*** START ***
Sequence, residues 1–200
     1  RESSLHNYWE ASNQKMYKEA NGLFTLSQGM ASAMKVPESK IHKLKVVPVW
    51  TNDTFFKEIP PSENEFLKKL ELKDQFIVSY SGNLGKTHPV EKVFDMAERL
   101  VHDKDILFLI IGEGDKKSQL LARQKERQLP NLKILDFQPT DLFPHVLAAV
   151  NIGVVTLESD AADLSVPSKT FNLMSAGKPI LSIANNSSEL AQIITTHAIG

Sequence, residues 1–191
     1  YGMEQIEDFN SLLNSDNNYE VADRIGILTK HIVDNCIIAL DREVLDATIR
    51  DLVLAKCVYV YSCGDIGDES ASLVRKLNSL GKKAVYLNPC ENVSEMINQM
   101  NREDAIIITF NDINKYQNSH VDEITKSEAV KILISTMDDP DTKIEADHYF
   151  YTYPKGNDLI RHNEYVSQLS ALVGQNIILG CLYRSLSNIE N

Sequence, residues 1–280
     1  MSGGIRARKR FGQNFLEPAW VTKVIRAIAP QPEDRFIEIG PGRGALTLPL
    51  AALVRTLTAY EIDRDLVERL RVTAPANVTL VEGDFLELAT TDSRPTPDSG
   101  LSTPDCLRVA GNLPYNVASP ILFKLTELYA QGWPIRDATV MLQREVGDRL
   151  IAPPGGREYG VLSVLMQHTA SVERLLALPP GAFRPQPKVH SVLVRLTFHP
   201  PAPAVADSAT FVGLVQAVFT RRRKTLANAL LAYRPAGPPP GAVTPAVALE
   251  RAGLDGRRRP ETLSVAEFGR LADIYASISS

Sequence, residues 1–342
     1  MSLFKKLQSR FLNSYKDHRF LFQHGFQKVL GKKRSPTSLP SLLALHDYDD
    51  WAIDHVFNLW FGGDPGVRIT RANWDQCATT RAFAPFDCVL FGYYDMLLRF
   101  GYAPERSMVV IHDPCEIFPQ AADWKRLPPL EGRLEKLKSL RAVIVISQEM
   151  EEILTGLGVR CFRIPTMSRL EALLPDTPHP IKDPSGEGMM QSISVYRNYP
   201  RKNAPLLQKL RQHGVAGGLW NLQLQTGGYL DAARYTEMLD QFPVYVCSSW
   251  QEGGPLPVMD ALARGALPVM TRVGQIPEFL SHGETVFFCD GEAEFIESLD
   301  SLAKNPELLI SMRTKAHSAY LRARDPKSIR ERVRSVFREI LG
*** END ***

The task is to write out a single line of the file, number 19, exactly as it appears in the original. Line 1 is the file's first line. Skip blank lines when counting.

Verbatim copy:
     1  MSLFKKLQSR FLNSYKDHRF LFQHGFQKVL GKKRSPTSLP SLLALHDYDD